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Google acquires another machine learning startup, predictive analytics and wearables are driving the continued adoption of electronic health records (EHR), millennials are believers in the value of data-driven projects, Alteryx has released a new set of capabilities for its analytics platform, and H2O.ai has released an updated API for Apache Spark.

Let's start with Alteryx. The self-service data analytics company has added a new set of enhancements to the Alteryx Analytics platform. Among them is the ability to create models that progress from descriptive to predictive to prescriptive analytics. Alteryx said that this lets users evaluate possible alternatives and predict outcomes through simulation analysis.

(Image: PonyWang/iStockphoto)

(Image: PonyWang/iStockphoto)

Other new capabilities include predictive modeling support for users working inside Teradata data warehouses with in-database analytics. Alteryx said that the parallel processing power of Apache Spark can now be leveraged to speed the blending of large datasets within in-database blending for Spark distributor Databricks.

[Want to know what's coming next for IT and industrial IoT? See Industrial IoT: the Next 30 Years Of IT.]

Alteryx is also offering a new Predictive Analytics Starter Kit that gives users an interactive, guided introduction to predictive modeling techniques, including A/B testing, linear regression, and logistic regression.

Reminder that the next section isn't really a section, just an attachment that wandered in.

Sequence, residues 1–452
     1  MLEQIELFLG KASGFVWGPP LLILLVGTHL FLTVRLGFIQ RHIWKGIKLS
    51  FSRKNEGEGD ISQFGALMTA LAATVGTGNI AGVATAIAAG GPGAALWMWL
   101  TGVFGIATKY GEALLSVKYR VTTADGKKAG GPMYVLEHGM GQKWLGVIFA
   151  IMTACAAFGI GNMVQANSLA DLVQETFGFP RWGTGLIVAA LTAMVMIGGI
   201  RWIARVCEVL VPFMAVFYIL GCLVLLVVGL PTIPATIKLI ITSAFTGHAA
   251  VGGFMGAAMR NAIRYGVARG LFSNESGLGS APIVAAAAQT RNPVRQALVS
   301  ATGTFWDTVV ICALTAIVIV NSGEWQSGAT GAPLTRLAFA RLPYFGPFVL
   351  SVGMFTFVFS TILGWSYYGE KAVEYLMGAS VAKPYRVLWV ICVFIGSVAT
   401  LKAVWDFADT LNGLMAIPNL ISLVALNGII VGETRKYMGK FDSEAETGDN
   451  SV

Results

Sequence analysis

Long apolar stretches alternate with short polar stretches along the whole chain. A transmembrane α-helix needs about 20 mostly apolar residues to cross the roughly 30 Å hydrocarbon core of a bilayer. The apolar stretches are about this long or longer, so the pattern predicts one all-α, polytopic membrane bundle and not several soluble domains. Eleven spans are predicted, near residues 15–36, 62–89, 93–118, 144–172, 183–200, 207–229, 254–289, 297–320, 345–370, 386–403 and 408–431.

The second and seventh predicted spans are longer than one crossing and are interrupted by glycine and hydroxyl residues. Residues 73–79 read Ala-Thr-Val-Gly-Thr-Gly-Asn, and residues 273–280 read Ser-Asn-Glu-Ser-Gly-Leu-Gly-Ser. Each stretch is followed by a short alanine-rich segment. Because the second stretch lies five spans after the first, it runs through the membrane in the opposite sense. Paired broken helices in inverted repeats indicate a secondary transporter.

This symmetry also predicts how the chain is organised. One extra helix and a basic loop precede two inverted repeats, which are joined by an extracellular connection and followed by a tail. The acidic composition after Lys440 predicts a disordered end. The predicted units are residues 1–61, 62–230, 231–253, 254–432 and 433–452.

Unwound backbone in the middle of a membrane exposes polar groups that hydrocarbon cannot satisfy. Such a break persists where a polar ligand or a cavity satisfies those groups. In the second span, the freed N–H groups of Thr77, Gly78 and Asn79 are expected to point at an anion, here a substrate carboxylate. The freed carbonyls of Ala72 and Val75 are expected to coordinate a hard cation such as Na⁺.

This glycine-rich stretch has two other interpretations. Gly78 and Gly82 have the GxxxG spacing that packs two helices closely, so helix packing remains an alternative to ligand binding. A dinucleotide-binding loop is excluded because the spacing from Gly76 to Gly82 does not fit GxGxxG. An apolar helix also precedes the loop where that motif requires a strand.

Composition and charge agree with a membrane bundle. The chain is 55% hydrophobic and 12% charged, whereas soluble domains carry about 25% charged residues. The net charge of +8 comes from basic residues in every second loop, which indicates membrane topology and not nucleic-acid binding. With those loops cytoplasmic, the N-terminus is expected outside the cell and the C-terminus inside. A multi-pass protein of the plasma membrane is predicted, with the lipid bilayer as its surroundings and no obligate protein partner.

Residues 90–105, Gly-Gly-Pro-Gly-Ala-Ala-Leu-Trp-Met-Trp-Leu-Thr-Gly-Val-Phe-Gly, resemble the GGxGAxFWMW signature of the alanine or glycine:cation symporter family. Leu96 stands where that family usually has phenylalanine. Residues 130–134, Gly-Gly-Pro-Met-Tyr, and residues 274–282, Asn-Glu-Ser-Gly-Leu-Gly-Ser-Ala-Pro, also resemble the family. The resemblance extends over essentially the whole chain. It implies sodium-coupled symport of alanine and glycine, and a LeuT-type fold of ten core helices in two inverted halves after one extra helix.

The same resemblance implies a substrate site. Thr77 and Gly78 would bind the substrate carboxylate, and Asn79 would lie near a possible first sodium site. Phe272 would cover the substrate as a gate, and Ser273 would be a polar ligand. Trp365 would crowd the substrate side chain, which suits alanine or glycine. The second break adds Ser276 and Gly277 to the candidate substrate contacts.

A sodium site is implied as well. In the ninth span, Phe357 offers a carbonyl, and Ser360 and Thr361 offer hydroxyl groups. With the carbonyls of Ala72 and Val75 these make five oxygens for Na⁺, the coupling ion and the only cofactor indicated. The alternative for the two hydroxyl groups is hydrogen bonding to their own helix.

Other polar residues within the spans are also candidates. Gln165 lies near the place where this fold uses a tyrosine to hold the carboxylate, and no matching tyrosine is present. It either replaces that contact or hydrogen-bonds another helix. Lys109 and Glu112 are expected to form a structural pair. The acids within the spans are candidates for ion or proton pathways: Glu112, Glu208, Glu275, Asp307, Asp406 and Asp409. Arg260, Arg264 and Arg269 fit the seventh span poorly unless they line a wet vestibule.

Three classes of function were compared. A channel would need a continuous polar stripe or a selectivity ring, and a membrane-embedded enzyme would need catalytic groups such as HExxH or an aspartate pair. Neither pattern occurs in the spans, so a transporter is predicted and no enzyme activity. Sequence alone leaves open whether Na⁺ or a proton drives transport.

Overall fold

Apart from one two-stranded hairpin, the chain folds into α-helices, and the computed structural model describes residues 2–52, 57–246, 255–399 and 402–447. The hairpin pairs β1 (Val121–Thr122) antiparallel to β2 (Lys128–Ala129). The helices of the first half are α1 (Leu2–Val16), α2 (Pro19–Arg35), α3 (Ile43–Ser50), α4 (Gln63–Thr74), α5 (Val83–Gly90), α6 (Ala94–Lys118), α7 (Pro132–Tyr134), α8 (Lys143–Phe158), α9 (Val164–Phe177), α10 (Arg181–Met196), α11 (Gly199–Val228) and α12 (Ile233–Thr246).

Finally, Alteryx said the new capabilities include greater scalability for self-service across an organization with Alteryx Server, which also leverages configuration management and an automation toolset with sample deployment scripts.


Meanwhile, H2O.ai unveiled the newest version of its API for Apache Spark. H2O.ai, which calls itself "the company bringing AI to business," said that Sparkling Water 2.0 adds new features and functionality. These include: the ability to interface with Apache Spark, Scala, and MLib via H2O.ai's Flow UI; the ability to build ensembles using algorithms from both H2O and MLib; and the ability to give Spark users access to H2O's visual intelligence capabilities.

"Enterprises are looking to take advantage of a variety of machine learning algorithms to address an increasingly complex set of use cases when determining how to best serve their customers," said Matt Aslett, Research Director, Data Platforms and Analytics at 451 Research, in a prepared statement. "Sparkling Water is likely to be attractive to H2O and Spark users alike, enabling them to mix and match algorithms as required."


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